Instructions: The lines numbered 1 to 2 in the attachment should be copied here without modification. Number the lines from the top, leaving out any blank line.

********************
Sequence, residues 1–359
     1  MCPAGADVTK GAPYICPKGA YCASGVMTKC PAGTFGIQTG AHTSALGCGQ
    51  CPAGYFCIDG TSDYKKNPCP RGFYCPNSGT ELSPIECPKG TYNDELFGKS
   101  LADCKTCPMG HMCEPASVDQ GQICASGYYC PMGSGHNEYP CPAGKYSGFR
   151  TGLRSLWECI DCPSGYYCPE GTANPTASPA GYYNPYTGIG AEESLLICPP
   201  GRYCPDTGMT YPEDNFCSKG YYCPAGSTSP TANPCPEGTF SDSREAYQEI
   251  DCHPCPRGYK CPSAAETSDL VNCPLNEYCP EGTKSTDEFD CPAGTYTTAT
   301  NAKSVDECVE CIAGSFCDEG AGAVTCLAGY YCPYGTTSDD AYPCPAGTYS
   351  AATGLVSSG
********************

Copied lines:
Sequence, residues 1–359
     1  MCPAGADVTK GAPYICPKGA YCASGVMTKC PAGTFGIQTG AHTSALGCGQ